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Cub Scouts are 100 and still going strong

12:00am | & News

Were you ever a Cub Scout? All this year the Cubs are celebrating their movement's centenary, with events taking place across the UK and around the world.

A hundred years since its birth, the Cubs still offers its young members the opportunity for adventure, new challenges and, for many, their first taste of camping with friends and spending nights away from home.

Robert Baden-Powell, a lieutenant general in the British Army, founded the Scout Movement in 1907 when he organised a camp for a group of boys on Brownsea Island, Dorset. The following year saw the publication of his book, "Scouting for Boys", which proved incredibly popular and led to a speedy and massive growth in Scouting, with new troops established up and down the country.

The first Scouts were aged 11 to 18, but as the movement continued to expand there came a growing demand from younger boys to be involved. Many of them were the younger brothers of Scouts who, seeing the enjoyment and adventures their older siblings were having, wanted a piece of the action for themselves!

Several Boy Scout Troops had already formed unofficial junior or training troops to meet this demand from younger boys, teaching very basic Scouting skills such as tracking, first aid and ropework. However, Baden Powell wanted a separate and properly organised scheme for younger boys, not a 'watered down' version of Scouting but a body with its own identity and programme of activities.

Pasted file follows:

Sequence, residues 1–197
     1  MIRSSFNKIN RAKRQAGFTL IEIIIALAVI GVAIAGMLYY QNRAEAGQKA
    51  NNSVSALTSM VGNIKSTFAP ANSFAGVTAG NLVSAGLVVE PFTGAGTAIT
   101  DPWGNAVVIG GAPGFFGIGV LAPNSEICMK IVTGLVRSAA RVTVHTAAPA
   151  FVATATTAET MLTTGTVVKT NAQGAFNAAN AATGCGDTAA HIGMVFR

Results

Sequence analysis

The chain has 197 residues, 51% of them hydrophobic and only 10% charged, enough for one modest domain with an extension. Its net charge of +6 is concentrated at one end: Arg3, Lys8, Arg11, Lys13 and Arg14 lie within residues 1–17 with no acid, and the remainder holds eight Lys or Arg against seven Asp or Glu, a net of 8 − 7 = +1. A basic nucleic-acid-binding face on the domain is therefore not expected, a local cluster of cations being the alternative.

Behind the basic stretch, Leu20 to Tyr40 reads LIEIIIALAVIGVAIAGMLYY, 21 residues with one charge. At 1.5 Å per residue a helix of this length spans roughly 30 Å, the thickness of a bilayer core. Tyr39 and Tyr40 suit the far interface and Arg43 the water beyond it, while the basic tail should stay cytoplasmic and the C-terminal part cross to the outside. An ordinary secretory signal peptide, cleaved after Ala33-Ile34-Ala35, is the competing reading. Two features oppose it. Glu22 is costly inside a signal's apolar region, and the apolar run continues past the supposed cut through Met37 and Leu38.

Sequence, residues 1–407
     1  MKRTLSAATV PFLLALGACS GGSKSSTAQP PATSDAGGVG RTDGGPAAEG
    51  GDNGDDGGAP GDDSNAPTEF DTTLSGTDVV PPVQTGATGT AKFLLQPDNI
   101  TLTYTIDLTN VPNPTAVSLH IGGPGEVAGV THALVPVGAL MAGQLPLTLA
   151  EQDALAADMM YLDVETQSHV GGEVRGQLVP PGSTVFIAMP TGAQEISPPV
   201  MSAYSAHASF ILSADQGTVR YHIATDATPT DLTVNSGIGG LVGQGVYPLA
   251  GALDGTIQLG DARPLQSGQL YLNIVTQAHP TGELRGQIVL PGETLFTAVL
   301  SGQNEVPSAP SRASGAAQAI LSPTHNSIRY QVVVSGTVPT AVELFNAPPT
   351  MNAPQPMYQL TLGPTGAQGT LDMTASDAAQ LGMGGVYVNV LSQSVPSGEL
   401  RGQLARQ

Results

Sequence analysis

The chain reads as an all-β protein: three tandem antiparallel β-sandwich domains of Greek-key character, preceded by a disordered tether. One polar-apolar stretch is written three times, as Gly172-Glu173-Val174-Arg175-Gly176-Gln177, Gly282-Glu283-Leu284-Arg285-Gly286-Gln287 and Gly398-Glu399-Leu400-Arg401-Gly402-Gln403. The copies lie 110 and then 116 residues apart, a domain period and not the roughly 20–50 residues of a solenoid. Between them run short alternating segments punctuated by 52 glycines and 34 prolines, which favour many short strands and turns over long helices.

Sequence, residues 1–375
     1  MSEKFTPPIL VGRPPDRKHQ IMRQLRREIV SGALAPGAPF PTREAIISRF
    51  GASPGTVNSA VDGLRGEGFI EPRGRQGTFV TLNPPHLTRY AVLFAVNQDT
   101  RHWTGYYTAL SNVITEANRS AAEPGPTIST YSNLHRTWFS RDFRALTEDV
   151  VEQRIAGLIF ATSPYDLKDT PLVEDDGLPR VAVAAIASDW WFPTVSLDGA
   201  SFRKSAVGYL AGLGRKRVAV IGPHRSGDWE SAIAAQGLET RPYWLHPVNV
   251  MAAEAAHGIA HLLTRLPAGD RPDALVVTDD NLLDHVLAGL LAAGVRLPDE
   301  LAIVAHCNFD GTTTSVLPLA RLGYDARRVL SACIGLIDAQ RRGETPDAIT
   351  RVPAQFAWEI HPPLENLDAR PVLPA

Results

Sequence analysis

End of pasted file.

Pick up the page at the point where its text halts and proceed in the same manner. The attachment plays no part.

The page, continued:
He began outlining his own ideas for what he would call 'Wolf Cubbing', asking his good friend Rudyard Kipling if he could use names from his "Jungle Book" to help shape the new organisation, including Akela, the wolf who is leader of the pack. A pilot scheme for Wolf Cubs was launched in 1914 and proved extremely popular, with the first Cubmasters appointed and 10,000 Cubs signed up by the year end.

After a two-year trial it was clear that the demand of Wolf Cubs was overwhelming. In June 1916 the first Cubmasters Conference was held and in October it was announced that the Wolf Cubs had been "put on to an official standing in the Boy Scouts Association". At the end of November Baden-Powell's "Wolf Cub Handbook" was published along with the first edition of "The Wolf Cub" monthly magazine.

To officially launch the new movement a public display was organised at Caxton Hall, Westminster, on December 16th, 1916. Designed to show the world what the new organisation had to offer, it featured demonstrations of various Wolf Cub activities, including the investiture of a new Cub and a demonstration of a "Grand Howl".

It also included the signing of the charter officially registering the Wolf Cubs, which is why December 16th, 1916, is now celebrated as the official founding date of the Cub Scouts.

Adopting the motto "Do Your Best" (the origin of 'dyb dyb dyb'), the emphasis of Cub Scouting has always been to have fun while learning new and valuable skills, and building character and citizenship. Cub Scout packs were usually linked to Scout Troops, allowing boys to 'move up' when they reached the appropriate age. Packs were split into patrols called Sixes, each with its own leader, or Sixer. Typical activities included games, woodcraft, hiking, camping and first aid.

As the Scouting Movement spread around the world the Cubs went with it, and today Scouting has more than 40 million participants worldwide. Throughout its 100-year history millions of boys have been members of Cub Packs, which since the 1990s have been open to girls too.

Throughout this year, activities including camps, jamborees and many other events are being held to celebrate the Cubs' centenary. They will culminate on December 16th with "Promise Parties" around the world, where Cubs will remake their Cub Promise. They will be timed to take place precisely 100 years since the signing of the Wolf Cubs Charter at 7-16pm, or in the 24-hour clock, 19:16.


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